Those who boldly went their own way in expressive colours, then as now, faced outrage. The Fauvists chose to embrace their criticisms as “wild beasts.” Part of the antipathy towards Robert Venturi and Denise Scott Brown’s fascination with Las Vegas was the sense that it was a place of garish tasteless philistinism and not a place with a great deal to tell us about humanity and design. Likewise, the buildings of Friedensreich Hundertwasser are often portrayed as best outsider architecture and at worst an affront to the senses. Criticism often comes with the subtext that architecture should be sober and not childish or what is perceived to be feminine. Frank Lloyd Wright’s Guggenheim is tasteful and resplendent in white; in its originally-intended electric pink or purple, it is vulgar and not befitting.
These days, it’s tempting to assume that because artificial colour is in abundance all around us that colour offers us nothing new, that colour theory has been absorbed into mainstream thinking in terms of how it influences mood in nurseries, hospitals, prisons and so on. Perhaps it died an ignoble death when PoMo buildings were camouflaging banks and security services or when neglected buildings were given superficial Potemkin makeovers because they were spoiling the view with their realism. Perhaps it is simply overlooked when other factors like sustainability and materiality all loom large in architectural discussion and designs.
Yet such assumptions feel incomplete. The impact that the use of colour can still have in architecture by Bofill, Legorreta, Barragán, how sublime and dynamic the work of Isozaki and Hadid feel or how much unrealised promise was conjured up in wondrous interiors like those of Behrens’ Technical Administration building and Perret's St. Joseph's Church (1951-58), suggests that there is something profoundly lacking in our urban environments of steel, glass and increasingly plastic. We rediscover figures like Rainer Rümmler and Eduardo Paolozzi who sought to make everyday places interesting, characterful and inspiring with public mosaics and murals. We see lost futures continually in the past, with the curatorial impulse becoming endemic online, because we have little faith in the direction we’re headed. Even street art has passed in some places from being an illegal expression of defiance and identity, condemned by neo-puritans as a gateway crime, to an emblem of gentrification and perhaps its headed towards irrelevance give it is much easier to tag a Brutalist underpass than hi-tech or parametric architecture with attendant surveillance. Recent efforts by São Paulo’s new mayor João Doria to paint over world-class graffiti and corral artists into approved sites suggest the artform has not quite lost its edge. Nor is irony dead given his campaign that includes painting the city grey is called Operation Beautiful City.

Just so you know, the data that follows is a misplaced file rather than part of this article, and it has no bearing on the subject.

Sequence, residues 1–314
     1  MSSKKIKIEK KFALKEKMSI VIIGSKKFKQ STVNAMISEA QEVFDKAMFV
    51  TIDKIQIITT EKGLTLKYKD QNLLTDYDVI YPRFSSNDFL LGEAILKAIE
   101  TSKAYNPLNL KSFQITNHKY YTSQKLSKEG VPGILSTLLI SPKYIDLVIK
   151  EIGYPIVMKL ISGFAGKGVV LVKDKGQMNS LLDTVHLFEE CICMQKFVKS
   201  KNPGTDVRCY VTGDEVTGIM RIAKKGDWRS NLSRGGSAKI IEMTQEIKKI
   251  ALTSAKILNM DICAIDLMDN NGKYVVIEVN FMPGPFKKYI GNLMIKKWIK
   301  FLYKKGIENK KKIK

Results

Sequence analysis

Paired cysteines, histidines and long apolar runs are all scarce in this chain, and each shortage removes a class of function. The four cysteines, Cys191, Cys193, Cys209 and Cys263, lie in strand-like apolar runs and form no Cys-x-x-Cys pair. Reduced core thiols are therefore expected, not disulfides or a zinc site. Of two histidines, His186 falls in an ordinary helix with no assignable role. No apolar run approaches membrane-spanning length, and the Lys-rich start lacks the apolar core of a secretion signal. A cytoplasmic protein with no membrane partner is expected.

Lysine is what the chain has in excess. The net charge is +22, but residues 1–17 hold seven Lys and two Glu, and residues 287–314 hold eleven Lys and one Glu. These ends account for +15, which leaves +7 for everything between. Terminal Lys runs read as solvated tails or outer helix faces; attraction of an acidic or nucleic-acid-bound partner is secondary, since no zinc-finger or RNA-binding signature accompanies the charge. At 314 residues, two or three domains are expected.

There is no onus on beauty to be good, true or even tasteful, despite what we might like to think. If you’ve watched a building as grotesquely overstated as the Burj Khalifa or as familiar as the Gerkhin catch the light at dawn or dusk, you can see transformations, the revealing of a myriad of iridescent shapes and colours previously unnoticed. They’re not quite Monet’s Rouen Cathedral series but Rouen cathedral is not quite Monet’s Rouen Cathedral series.
Whilst painting murals on the Israeli West Bank barrier, Banksy was told by an elderly Palestinian man that he made the wall beautiful. When the artist thanked him, the man replied, “We don't want it to be beautiful, we hate this wall. Go home.” Fox News recently declared the planned US-Mexico border wall should “look good from the US side” while the DOMO Studio came under a barrage of criticism for proposing a bright, sustainable, retail-friendly design. In each case, I immediately thought of that chunk of concrete forgotten on a shelf with its faded graffiti. Colour matters not just aesthetically or psychologically but because it demonstrates to us who owns, who lays claim to and who is left out of the space that surrounds us.
Our In Colour series explores the elusive and surprising phenomenon of colour in cities, with artists Craig and Karl as guest editors. Meanwhile the pair are working on a secret commission to transform one of White City's unloved spaces.